When I first got baptised I completely gave up secular music for all the wrong reasons. I gave it up because I had fallen into the “all things secular = bad” rhetoric that’s prevalent amongst new converts & the most extreme conservatives. That was almost five years ago. But I have always loved music and since then, I have grown into myself a lot more, with my love for music intensifying. I brought back the secular music after I broke up with my first SDA boyfriend, and it was likely part of the process of regaining my identity but that’s neither here nor there. I brought it back and wondered why I’d ever let it go in the first place. I started listening to a lot of jazz, some folk stuff and eventually hip hop found its way back to me.
The love-hate relationship I have with hip hop is the same I have with Tyler Perry productions and reality tv. They are all entertaining but they play a part in being abusive, especially toward black women and that makes me uncomfortable. Now, don’t get me wrong, I understand that it’s not as cut and dry as “gangster rap is bad, they should rap about other things” because you have to consider the environment these people are a part of. They’re part of a system that has denied them accessible education and resources, financial & economic support, comfortable living situations, etc, etc & most of what they’re rapping is real life. Bobby Schmurda is in jail because he dry snitched on himself in the hit summer jam “Hot Nigga”, he really did catch a body about a week ago. With that in mind, this post isn’t about demonising gangster rap or trap music.
Listening to rap is becoming increasingly difficult because the line between the “concious” rap and the regular stuff is getting blurred. Take one of my favs, J.Cole, I’ve rocked with him since ‘The Come Up’ and he’s had his ups and downs musically but he has maintained consistency in his subject matter. He’s new age concious, he criticises the government and systematic oppression while encouraging young black boys that they don’t have to be basketballers and rappers, etc. But he has always had a problem with the word “bitch”. On his latest album, ‘2014 Forest Hill Drive’, his first platinum album and probably best body of work, he navigates the nuances of being famous but also trying to remain connected with his past, while at the same time commenting on that past and why escaping it is also actually a blessing. Good stuff.
On this same album, though, is a song, ‘No Role Modelz’, and listening to that song vexes me. What vexes me more is the fact that it’s so fricking catchy & I don’t always skip it. It’s actually a terrible song, the worst on his album for sure but what’s interesting is that he’s critiques himself:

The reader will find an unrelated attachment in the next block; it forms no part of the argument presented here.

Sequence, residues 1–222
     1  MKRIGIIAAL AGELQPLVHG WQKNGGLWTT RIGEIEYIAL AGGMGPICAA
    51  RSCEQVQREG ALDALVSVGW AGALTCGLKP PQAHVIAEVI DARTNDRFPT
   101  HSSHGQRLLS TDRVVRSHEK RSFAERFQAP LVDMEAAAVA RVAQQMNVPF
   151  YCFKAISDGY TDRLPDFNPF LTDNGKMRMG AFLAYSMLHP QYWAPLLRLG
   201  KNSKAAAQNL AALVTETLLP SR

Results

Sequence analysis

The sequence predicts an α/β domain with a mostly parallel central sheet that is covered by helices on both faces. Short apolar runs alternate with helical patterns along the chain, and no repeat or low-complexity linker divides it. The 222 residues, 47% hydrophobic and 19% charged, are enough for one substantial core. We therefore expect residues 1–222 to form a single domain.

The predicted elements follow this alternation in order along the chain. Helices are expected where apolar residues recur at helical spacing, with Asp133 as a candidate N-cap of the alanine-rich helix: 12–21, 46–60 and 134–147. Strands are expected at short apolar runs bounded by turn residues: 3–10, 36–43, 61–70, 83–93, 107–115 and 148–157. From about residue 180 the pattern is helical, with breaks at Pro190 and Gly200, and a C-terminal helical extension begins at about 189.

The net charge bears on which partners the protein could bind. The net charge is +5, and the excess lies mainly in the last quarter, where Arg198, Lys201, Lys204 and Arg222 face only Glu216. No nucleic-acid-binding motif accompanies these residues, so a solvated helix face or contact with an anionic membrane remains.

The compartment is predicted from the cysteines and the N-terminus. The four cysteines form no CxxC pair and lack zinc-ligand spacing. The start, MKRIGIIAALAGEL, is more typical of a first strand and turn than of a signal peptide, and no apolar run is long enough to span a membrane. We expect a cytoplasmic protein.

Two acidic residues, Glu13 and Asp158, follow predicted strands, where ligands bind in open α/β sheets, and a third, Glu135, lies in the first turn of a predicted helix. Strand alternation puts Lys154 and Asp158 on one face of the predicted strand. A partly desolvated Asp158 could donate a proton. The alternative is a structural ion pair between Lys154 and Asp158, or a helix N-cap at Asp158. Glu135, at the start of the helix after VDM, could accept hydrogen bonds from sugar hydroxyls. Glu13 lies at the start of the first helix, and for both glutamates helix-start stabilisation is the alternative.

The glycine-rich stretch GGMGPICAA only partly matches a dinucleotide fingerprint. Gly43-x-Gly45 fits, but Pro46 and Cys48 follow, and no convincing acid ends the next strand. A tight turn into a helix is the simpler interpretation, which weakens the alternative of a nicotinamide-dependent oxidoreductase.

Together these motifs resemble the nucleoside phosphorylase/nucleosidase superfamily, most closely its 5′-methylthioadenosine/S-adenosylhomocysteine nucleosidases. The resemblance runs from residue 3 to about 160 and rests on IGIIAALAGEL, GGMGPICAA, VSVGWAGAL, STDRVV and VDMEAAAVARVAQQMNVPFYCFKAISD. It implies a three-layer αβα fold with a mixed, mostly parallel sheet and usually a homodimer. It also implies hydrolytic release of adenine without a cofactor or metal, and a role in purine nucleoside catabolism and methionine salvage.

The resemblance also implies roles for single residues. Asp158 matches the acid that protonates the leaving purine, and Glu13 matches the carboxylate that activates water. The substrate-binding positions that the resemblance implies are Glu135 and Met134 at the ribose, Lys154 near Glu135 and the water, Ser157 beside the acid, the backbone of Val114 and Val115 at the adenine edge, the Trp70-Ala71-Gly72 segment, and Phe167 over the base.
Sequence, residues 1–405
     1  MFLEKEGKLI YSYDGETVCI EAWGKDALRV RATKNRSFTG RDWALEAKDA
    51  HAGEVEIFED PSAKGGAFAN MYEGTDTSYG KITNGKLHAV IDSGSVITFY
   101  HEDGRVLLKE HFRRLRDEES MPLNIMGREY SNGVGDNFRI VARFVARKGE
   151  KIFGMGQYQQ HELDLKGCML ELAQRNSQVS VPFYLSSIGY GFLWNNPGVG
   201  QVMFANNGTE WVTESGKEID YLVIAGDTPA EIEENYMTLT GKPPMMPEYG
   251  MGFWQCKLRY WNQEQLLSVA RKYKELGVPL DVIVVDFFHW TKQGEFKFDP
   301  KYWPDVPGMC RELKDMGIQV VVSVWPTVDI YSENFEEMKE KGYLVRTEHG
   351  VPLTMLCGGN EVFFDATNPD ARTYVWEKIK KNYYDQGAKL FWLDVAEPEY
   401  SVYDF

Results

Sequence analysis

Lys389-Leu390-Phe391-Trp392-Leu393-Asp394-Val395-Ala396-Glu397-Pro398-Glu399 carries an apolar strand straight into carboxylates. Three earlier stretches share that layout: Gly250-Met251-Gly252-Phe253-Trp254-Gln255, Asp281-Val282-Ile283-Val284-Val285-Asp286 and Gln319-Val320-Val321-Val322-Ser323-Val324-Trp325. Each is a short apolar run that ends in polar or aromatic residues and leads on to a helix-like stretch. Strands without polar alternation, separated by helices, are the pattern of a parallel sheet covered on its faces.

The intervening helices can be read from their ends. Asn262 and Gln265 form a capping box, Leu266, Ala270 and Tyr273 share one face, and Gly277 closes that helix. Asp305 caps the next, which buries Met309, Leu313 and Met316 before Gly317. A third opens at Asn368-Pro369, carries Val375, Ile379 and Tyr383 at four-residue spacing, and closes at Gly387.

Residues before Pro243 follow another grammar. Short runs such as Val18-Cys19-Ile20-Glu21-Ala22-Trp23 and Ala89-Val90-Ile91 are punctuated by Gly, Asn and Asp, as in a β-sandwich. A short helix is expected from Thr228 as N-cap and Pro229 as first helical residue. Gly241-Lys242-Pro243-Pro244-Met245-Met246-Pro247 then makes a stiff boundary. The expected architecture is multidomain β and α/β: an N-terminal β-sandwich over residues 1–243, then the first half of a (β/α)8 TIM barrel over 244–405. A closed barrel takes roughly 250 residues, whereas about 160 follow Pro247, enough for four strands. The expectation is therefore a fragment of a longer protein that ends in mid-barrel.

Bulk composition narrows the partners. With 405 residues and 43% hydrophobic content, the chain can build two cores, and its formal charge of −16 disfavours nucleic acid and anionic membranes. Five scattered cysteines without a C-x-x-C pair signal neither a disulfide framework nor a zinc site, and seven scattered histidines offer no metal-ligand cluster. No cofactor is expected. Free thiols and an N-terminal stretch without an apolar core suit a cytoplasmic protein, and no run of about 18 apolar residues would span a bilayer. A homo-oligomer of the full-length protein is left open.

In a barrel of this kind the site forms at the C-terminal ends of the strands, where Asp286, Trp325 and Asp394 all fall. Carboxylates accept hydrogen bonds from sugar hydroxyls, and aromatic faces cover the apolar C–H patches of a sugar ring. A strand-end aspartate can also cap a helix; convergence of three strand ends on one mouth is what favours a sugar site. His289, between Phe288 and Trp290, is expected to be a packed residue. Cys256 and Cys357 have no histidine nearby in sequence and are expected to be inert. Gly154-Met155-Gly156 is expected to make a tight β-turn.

She think I’m spoiled and I’m rich cause I can have any bitch
I got defensive and said “Nah, I was the same without it”
But then I thought back, back to a better me
Before I was a B-list celebrity
Before I started callin’ bitches “bitches” so heavily
& here’s the thing, Cole has previously acknowledged that he’s part of the majority of rappers who perpetuate misogyny & as far as I know he hasn’t tried to defend it. But there’s this thing that I’m seeing more and more of recently where people admit to having a flaw but doing nothing to change it, as if the admittance is enough. It’s not.
Since reintroducing secular music into my life, I have become very selective with the music I digest, but having to scan album by album what songs I want to listen to and which I don’t is tiring, and I’m too lazy for all of that.
Last week, ‘Straight Outta Compton’ was released in cinemas, a biopic about the infamous NWA and their civil rights work. An amazing story of young, black men from an oppressed background standing up and fighting not only for themselves, but for the people. Great stuff. What was left out of the movie was how most of them beat their partners and a lot of their songs contain lyrics that condone abuse of women. This isn’t hip hop’s fault. If they weren’t rappers, they’d probably still beat on their partners and maintain the thoughts behind those abusive lyrics. Even if they were rich, and raised in comfortable environments with a good education system. Even if they were white.
Hate seeps into everything, and hip hop is no exception. I love hip hop, and I will continue to critique it as long as I love it because it needs to do better, but for now, I have to be disciplined with what I consume.